Haitian refugee held while Ann Arbor judge decides fate
Ann Arbor — Melody Hart and her husband Gary Benjamin brought a busload of supporters from Cleveland to the Ann Arbor federal courthouse Wednesday, but unexpectedly left without the person they planned to retrieve.
In January, Hart agreed to sponsor Ansly Damus, a Haitian man who sought asylum after being beaten for criticizing a politician in his homeland.
Damus has been held by U.S. Immigration and Customs Enforcement for more than two years and had hoped to be released to the Cleveland couple while his asylum case was pending. However, the federal judge delayed the motion hearing to await more information.
Damus, an ethics teacher and father of two, felt defeated, his translator said. He was previously granted asylum twice by immigration judges, and the government has appealed both times.
ICE denied Damus' petition for parole saying he was a flight risk without reason and imprisoned him at a jail in Geauga County, Ohio in a windowless cell without exercise, said David Hausman, an attorney for the American Civil Liberties Union Immigrants’ Rights Project.
"He's likely to be detained for multiple years while his case is pending, and it's so clear he doesn't pose a flight risk and has supporters in Cleveland," Hausman said. "ICE has never offered any factual basis on why he should be detained and that alone should grant his release. He has no past criminal record. Further detention is unconstitutional."
U.S District Judge Judith E. Levy was moments away from deciding to release Damus until a government representative said it could provide a witness who determined Damus would be a flight risk. Levy is going to determine if there should be another hearing or is she will release Damus.
"How can the conditions of his confinement be more restrictive rather than someone who has committed a heinous crime?" Levy asked the government. "He could end this detention at any time if he agreed to return home and he hasn't, possibly because he has a legitimate reason not to return.
"I need to know why ICE is not satisfied, despite ICE saying they don't have to provide a reason," she continued. "If his due process rights have been taken for granted, it needs to end and I will issue some kind of directive tomorrow."
Should Damus be released, he'd stay with Hart and Benjamin, who is a magistrate judge for Cleveland Heights Municipal Court. The couple visits Damus weekly, brought him clothes to wear for court Wednesday with his support group holding "#FreeAnsly signs outside the court.
"He's a hard worker, we just want to keep up his courage," Hart said. "We were hoping to take him home and there was a fear this would happen. The judge has not said we wouldn't be able to take him. She just needs to think if she should listen to ICE."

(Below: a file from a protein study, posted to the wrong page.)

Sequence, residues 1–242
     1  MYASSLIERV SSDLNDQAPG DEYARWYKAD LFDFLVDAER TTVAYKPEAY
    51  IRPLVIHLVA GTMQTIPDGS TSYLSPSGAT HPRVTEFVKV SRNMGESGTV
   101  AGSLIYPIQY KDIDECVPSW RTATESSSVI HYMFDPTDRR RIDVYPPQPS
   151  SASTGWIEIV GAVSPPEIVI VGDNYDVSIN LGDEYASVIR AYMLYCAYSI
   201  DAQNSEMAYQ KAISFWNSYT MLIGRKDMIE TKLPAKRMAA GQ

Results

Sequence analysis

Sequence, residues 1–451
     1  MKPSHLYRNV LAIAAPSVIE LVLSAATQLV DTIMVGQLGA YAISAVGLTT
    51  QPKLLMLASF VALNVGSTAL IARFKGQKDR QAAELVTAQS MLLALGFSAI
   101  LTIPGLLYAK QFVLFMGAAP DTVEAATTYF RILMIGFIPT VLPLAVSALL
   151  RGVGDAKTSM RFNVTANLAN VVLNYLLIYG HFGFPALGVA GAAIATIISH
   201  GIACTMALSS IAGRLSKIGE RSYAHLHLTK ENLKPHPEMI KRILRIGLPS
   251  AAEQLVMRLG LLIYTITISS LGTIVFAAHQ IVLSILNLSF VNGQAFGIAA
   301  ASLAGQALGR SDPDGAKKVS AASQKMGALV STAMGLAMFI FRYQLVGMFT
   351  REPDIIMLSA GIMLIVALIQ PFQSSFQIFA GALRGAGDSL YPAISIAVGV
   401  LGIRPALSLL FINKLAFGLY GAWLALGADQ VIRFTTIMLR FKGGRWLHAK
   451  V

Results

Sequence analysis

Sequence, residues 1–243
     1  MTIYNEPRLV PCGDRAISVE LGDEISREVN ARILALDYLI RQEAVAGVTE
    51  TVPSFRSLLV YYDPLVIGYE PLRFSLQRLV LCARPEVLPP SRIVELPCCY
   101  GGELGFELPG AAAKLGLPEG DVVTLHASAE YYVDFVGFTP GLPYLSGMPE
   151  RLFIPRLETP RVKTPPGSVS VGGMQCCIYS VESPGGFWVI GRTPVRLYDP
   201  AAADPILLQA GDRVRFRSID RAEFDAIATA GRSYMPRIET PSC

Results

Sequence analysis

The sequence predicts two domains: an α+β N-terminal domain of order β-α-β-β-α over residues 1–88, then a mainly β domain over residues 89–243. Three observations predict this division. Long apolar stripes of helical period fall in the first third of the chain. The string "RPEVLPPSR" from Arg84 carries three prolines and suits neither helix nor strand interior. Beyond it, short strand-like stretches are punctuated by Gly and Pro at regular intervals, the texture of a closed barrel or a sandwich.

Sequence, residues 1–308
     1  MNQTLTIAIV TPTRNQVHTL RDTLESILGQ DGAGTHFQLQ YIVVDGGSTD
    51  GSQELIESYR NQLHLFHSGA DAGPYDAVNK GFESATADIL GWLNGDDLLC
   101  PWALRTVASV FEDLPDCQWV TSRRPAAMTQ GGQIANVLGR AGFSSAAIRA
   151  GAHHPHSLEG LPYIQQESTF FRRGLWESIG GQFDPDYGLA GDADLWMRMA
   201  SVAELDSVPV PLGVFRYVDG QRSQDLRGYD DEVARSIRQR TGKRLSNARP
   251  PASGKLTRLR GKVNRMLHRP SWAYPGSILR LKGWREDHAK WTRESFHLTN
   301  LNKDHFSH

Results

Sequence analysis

In September 2014, Damus, an ethics teacher, was leading a youth seminar in his hometown of Grand-Riviere-du-Nord discussing corruption in Haitian politics. Damus named a local government official, Benjamin Ocenjac, as an example of someone who works with gangs to terrorize the population.
Later on that day, Damus was attacked by “La Meezorequin,” the Shark Bones Army, a well-armed gang that supports Ocenjac, he said.
"Men dragged me off my motorcycle and savagely beat me — leaving me with scars which I bear to this day," Damus wrote in a March 2018 blog post published by the ACLU. "They set my motorcycle on fire and threatened to kill me."
Damus fled Haiti 10 days later, leaving behind his wife, two children, parents and siblings. He first headed to Brazil, where he spent 18 months living in a refugee camp and then on his own. He found work in construction, but faced racial discrimination and was told he "was an animal, that people like me were flooding the country to steal jobs," he wrote.
In October 2016, he arrived at the California border seeking asylum in fear he and his wife would be killed if he returned to Haiti. An immigration judge granted his asylum application in April 2017, but ICE called for more proceedings to determine if his time in Brazil had rendered him ineligible for asylum.
At his second hearing in January, the judge granted his asylum, only to have the government appeal, again.
All the while, Damus was imprisoned at a jail in Geauga County, Ohio under the supervision of the Detroit ICE Offices.
"For the past 11 months, there have been no other French speakers at Geauga whom I can talk to. I spend my days in near total isolation, finding comfort only when I’m reading my Bible," he writes. "My teacher’s mind struggles to find a lesson in my experience, but I can’t make sense of this. The United States has allowed people fleeing persecution to apply for asylum for decades, both as part of its laws and culture. When I feared for my life and arrived at the border, it felt like the U.S. had extended an open hand to me. Yet in accepting it, I have been condemned to indefinite imprisonment, even though I have committed no crime."
ICE is seeking to dismiss the petition arguing that Damus’ "detention and parole denials are constitutional while his asylum request is being processed in a reasonable amount of time."
Levy requested Damus be detained somewhere close to his Cleveland supporters and kept in the area should there be a bond hearing.
"I’m hoping that America will prove to be better than this," Damus wrote in his closing.